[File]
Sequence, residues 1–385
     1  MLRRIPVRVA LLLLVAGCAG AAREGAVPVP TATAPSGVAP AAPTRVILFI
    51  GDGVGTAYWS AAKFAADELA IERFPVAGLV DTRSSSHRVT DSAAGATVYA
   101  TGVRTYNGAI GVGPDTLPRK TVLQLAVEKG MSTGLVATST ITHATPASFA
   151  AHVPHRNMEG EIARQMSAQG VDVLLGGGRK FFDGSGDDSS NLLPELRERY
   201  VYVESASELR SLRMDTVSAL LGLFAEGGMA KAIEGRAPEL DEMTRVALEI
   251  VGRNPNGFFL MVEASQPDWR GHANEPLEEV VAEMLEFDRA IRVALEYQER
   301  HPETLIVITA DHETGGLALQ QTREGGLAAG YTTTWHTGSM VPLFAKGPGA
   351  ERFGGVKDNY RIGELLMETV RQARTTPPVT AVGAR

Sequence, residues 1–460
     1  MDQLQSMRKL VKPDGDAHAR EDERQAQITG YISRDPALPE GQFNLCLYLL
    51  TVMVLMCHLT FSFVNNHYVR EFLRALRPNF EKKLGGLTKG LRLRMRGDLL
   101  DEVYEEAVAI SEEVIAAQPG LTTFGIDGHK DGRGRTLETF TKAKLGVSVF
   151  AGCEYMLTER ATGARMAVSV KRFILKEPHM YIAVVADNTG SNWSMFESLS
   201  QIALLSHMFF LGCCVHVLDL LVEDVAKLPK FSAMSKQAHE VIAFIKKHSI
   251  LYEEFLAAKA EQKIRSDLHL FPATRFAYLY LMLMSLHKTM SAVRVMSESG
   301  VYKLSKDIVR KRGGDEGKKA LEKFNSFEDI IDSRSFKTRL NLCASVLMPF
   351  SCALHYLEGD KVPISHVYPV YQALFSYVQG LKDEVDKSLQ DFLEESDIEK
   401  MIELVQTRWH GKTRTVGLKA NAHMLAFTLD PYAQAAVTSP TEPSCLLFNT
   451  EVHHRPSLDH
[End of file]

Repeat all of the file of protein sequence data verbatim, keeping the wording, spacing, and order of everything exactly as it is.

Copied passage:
Sequence, residues 1–385
     1  MLRRIPVRVA LLLLVAGCAG AAREGAVPVP TATAPSGVAP AAPTRVILFI
    51  GDGVGTAYWS AAKFAADELA IERFPVAGLV DTRSSSHRVT DSAAGATVYA
   101  TGVRTYNGAI GVGPDTLPRK TVLQLAVEKG MSTGLVATST ITHATPASFA
   151  AHVPHRNMEG EIARQMSAQG VDVLLGGGRK FFDGSGDDSS NLLPELRERY
   201  VYVESASELR SLRMDTVSAL LGLFAEGGMA KAIEGRAPEL DEMTRVALEI
   251  VGRNPNGFFL MVEASQPDWR GHANEPLEEV VAEMLEFDRA IRVALEYQER
   301  HPETLIVITA DHETGGLALQ QTREGGLAAG YTTTWHTGSM VPLFAKGPGA
   351  ERFGGVKDNY RIGELLMETV RQARTTPPVT AVGAR

Sequence, residues 1–460
     1  MDQLQSMRKL VKPDGDAHAR EDERQAQITG YISRDPALPE GQFNLCLYLL
    51  TVMVLMCHLT FSFVNNHYVR EFLRALRPNF EKKLGGLTKG LRLRMRGDLL
   101  DEVYEEAVAI SEEVIAAQPG LTTFGIDGHK DGRGRTLETF TKAKLGVSVF
   151  AGCEYMLTER ATGARMAVSV KRFILKEPHM YIAVVADNTG SNWSMFESLS
   201  QIALLSHMFF LGCCVHVLDL LVEDVAKLPK FSAMSKQAHE VIAFIKKHSI
   251  LYEEFLAAKA EQKIRSDLHL FPATRFAYLY LMLMSLHKTM SAVRVMSESG
   301  VYKLSKDIVR KRGGDEGKKA LEKFNSFEDI IDSRSFKTRL NLCASVLMPF
   351  SCALHYLEGD KVPISHVYPV YQALFSYVQG LKDEVDKSLQ DFLEESDIEK
   401  MIELVQTRWH GKTRTVGLKA NAHMLAFTLD PYAQAAVTSP TEPSCLLFNT
   451  EVHHRPSLDH